“Since there are no statute of limitations problems, (prosecutors) will not indict before they have all the evidence they believe they need and can obtain to succeed at what will likely be a hotly-contested trial,” Sloman said.
Will investors get at least some of their money back?
Yes. There are three avenues for investors —through restitution in the criminal case, lawsuits filed by the bankruptcy attorneys against those who pocketed Ponzi money and Scherer’s lawsuit before Broward Circuit Court Judge Jeffrey Streitfeld.
“I tell (my clients) the bucket looks to be half full and we have yet to fight,” Scherer said. “My optimism level with a year’s worth of experience is far greater than a year ago.”
It’s estimated between $300 million and $400 million was lost. The federal government has seized Rothstein’s personal assets, which rough estimates have placed around $30 million.
Attorneys for bankruptcy trustee Herbert Stettin have made dozens of demands to get money back from investors and other entities who profited. They have filed about 25 “clawback” lawsuits seeking more than $87 million.
Then there is the Scherer lawsuit with defendants including two banks—TD Bank and Gibraltar Bank—that he says failed to have safeguards to stop Rothstein’s dubious financial transactions.
What happened to Rothstein’s wife?
Kim Rothstein, 36, is still living in Fort Lauderdale, “keeping a low profile,” said one of her attorneys, Scott Saidel.
She appears to be poised to settle a $1.1 million lawsuit filed against her by the bankruptcy trustee, alleging her life of luxury complete with shopping sprees and plastic surgery treatments was financed with Ponzi money. In addition, the Internal Revenue Service has filed a $10 million lien against her and her husband for unpaid taxes.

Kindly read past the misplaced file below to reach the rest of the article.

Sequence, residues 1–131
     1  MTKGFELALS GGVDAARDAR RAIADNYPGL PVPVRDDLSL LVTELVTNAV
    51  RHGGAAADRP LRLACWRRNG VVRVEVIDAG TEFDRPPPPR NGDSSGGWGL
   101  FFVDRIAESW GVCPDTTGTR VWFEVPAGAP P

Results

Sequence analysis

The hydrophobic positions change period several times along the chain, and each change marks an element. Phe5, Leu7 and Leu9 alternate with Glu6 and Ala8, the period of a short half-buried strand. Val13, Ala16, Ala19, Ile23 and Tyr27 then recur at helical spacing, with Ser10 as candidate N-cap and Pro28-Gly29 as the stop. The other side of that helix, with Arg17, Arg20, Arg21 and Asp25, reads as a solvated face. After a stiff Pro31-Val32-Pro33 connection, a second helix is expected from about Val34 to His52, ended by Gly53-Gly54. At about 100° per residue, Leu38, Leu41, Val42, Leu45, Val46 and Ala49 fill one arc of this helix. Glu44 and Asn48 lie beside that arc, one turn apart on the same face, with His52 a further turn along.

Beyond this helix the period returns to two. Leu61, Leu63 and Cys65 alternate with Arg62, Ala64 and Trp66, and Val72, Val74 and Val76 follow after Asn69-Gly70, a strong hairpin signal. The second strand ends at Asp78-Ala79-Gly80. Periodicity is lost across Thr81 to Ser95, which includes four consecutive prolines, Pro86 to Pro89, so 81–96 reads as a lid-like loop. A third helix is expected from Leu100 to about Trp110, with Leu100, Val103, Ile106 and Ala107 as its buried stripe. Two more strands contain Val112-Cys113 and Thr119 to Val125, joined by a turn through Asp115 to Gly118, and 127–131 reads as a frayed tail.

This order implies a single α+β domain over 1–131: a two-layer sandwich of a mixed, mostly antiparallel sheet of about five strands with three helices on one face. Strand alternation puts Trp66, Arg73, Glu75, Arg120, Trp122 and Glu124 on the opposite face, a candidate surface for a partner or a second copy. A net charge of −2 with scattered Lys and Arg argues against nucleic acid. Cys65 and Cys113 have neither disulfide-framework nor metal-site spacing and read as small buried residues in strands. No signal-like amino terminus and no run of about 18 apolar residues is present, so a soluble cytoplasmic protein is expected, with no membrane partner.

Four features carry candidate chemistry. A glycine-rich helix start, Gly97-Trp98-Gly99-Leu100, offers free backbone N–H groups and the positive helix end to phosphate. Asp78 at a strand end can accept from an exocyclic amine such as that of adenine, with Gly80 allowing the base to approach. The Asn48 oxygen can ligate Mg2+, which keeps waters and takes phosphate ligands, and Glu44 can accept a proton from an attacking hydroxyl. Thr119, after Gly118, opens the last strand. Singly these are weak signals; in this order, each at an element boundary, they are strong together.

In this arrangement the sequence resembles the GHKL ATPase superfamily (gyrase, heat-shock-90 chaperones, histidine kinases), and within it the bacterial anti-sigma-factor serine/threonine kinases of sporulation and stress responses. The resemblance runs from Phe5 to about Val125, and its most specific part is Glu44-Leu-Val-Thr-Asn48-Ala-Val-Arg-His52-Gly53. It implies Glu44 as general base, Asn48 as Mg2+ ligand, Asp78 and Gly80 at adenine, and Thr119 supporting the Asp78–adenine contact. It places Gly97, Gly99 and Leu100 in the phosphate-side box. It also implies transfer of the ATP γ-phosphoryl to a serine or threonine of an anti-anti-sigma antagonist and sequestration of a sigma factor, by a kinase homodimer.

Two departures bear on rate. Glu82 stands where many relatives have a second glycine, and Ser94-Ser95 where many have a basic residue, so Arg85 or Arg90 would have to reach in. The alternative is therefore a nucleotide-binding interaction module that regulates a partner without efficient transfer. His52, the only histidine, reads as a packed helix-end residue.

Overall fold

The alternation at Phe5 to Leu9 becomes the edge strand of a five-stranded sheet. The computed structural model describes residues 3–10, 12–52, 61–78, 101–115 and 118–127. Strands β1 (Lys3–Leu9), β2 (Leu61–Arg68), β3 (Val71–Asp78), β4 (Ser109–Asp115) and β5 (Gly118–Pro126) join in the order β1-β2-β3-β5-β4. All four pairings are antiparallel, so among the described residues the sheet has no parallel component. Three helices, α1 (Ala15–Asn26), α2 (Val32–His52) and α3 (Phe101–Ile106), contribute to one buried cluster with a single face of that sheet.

Saidel said that because of the lien, Kim Rothstein has been unable to work since her income would be subject to garnishment by the IRS. He did not go into details on how she is supporting herself and how she spends her time.
“She’s doing well all things considered,” Saidel said. “Life is difficult for Kim because she still has to deal with the repercussions of the situation and a large number of people in the area who seem to want to hold her responsible in some way for Scott’s misdeeds.”
What happened to the attorneys of Rothstein Rosenfeldt Adler?
The implosion of Rothstein’s law firm left 70 attorneys not only out of jobs, but with the stain on their resumes that they had worked for the biggest conman in South Florida. Some landed positions with other law firms, while others hung out their own shingle or joined forces to start small firms.
The Florida Bar has investigated 64 complaints against 49 RRA attorneys, said Francine Walker, a Bar spokeswoman. All but four attorneys have been cleared by the Florida Bar of any wrongdoing. Those still under investigation are Rothstein’s name partners, Stuart Rosenfeldt and Russell Adler, as well as senior partner Steven Lippman and longtime Rothstein legal associate Howard Kusnick. If they are found to have committed serious ethical breaches, they could face disbarment.
The firm’s general counsel David Boden, a licensed attorney from New York, remains under investigation by the legal disciplinary system there.
Stettin filed lawsuits against Adler, Rosenfeldt and Lippman seeking to recover a combined $18 million the three attorneys received from RRA. Lippman has reached a $700,000 settlement. The lawsuits against Rosenfeldt and Adler are pending.
Will Fort Lauderdale ever see a scammer like Rothstein again?
Rothstein’s Ponzi scheme placed him in what federal prosecutors described as “the pantheon of fraudsters.”
Scammers have long flocked to South Florida to capitalize on its wealth and its retirees, avoid paying state income taxes and buy houses protected by state law from seizure to pay off people they owe money.
“I would hope that as a community we are learning to ask more questions about meteoric financial rises, yet I’m uncertain if anything has really changed (after Rothstein),” said Kendall Coffey, a former U.S. attorney who represented Rothstein’s law firm after the Ponzi scheme was uncovered.